The PEOPLE of the State of California, Plaintiff and Respondent, v. Roque RODRIGUEZ, Defendant and Appellant.
By information, defendant was charged with the possession of a preparation of heroin, denounced by section 11500, Health & Safety Code, and with one prior conviction of the same offense.
Defendant was found guilty as charged, and appeals from the judgment of conviction.
It is here urged that the verdict is contrary to the law and the evidence.
Appellant particularly urges that the evidence did not establish the corpus delicti, i. e., possession of the narcotics by him or any other person. Therefore, it was error to receive and consider evidence of his extrajudicial statements.
At the beginning of the trial, appellant admitted the prior conviction, and the cause was submitted on the testimony taken at the preliminary examination.
Mr. M. V. Duncan of the Los Angeles Police Department, one of the arresting officers, testified that about 9:15 p. m. on July 20, 1954 (a dark night), he saw appellant coming out of the front door of a residence on Rowan Street, Los Angeles. The officer went across the street and stood behind appellant's automobile. He saw appellant walk directly over to a palm tree growing in the front yard of the house. There appellant ‘squatted down and leaned forward, reached down with his hands to the base of the palm tree. Then he stood up.’ Meanwhile, officer Duncan approached and, using his flash light, told appellant to stand back. In the ensuing search, nothing was found on appellant's person. However, the officer did find a small piece of a green rubber balloon on the ground at the base of the palm tree, where appellant had been squatting. Upon opening the baloon in appellant's presence, officer Duncan counted twenty-nine capsules. Later these were analyzed by a chemist in the police department and were found to contain a narcotic known as heroin.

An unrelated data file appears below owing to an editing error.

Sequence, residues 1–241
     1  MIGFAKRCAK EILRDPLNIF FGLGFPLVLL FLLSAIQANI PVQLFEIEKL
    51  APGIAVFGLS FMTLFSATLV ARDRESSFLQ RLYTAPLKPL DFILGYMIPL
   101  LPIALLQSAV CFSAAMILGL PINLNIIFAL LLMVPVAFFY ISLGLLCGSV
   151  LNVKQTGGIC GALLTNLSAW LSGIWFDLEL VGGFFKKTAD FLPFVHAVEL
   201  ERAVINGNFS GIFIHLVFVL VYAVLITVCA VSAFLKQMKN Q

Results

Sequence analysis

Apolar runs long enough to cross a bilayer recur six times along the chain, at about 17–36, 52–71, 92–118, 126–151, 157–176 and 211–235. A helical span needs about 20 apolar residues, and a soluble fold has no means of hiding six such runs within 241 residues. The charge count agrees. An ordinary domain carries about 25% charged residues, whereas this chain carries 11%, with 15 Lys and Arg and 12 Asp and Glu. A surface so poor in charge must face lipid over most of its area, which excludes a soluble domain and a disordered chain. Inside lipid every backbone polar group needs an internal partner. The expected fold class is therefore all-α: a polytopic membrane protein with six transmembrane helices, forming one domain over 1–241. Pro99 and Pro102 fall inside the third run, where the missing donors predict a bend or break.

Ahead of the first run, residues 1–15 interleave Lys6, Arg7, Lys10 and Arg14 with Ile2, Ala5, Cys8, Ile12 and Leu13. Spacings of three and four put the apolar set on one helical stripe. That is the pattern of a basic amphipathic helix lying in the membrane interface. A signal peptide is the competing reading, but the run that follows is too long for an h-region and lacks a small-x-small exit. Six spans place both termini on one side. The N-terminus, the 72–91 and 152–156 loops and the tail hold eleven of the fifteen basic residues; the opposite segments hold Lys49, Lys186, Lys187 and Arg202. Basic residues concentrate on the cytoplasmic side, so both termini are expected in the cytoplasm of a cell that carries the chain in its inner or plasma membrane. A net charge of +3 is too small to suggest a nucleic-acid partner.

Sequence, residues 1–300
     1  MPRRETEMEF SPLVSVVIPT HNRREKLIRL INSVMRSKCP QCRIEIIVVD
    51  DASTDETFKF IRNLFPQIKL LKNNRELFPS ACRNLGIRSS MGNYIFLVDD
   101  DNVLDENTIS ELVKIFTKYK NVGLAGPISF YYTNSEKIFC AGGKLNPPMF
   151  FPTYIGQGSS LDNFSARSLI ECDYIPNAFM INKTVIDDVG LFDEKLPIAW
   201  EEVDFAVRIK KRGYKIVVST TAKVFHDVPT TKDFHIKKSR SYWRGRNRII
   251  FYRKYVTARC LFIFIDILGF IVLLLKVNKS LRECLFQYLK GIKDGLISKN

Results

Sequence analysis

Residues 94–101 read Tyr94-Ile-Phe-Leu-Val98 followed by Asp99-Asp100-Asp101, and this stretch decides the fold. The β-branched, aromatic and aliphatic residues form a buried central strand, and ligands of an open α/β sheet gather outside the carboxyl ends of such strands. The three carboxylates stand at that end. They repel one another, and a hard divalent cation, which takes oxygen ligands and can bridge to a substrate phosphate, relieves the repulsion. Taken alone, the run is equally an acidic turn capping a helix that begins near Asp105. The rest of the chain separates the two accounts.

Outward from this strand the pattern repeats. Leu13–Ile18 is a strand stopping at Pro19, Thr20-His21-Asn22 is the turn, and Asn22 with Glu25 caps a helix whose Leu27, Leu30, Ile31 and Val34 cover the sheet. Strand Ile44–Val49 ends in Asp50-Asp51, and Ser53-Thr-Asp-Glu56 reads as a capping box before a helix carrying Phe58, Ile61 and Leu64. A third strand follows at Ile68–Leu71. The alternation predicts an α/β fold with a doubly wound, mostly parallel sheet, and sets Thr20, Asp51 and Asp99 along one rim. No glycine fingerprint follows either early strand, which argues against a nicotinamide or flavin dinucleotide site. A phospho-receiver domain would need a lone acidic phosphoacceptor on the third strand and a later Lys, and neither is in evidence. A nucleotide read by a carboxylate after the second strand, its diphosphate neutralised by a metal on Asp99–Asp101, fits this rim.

Over the objection of appellant's counsel that the corpus delicti had been established, the trial court admitted in evidence a conversation between officer Duncan and appellant at the scene of the crime, to wit:
Appellant told the witness Duncan that he had picked up the capsules from a man at the corner of Whittier and Rowan by the drug store. When asked if he had carried them and planted them at the base of the palm tree, appellant said ‘No’, that some one else had put them there. And that he went out to get one ‘so he could sniff it.’ Later, he told the officer that he had bought the capsules from some fellow at the drug store and had paid about $15 a gram for them.
Officer Duncan admitted that he went to the address in question because an informant had told him he would find some narcotics under a tree.
In People v. Martin, 76 Cal.App.2d 317, 319, 172 P.2d 910, 911, the narcotic was found in appellant's parked automobile during his absence therefrom. At the trial defendant admitted ownership of the car but denied all knowledge of the narcotic.
The court there held: ‘From the several decisions long followed (People v. Sinclair, 129 Cal.App. 320, 322, 19 P.2d 23; People v. Belli, 127 Cal.App. 269, 271, 15 P.2d 809; People v. Randolph, 133 Cal.App. 192, 196, 23 P.2d 777; People v. Gallagher, 12 Cal.App.2d 434, 436, 55 P.2d 889; People v. Noland, 61 Cal.App.2d 364, 366, 143 P.2d 86; People v. Bassett, 68 Cal.App.2d 241, 246, 156 P.2d 457), the Supreme Court has recently derived the rule that the jury must be convinced that one accused of possessing a narcotic found in a cache on his premises or within reach of his habitation must have knowledge of the presence of such narcotic and that such knowledge is the essence of the crime of possession under the Narcotic Act. People v. Gory, 28 Cal.2d 450, 455, 170 P.2d 433. * * * (Emphasis added.)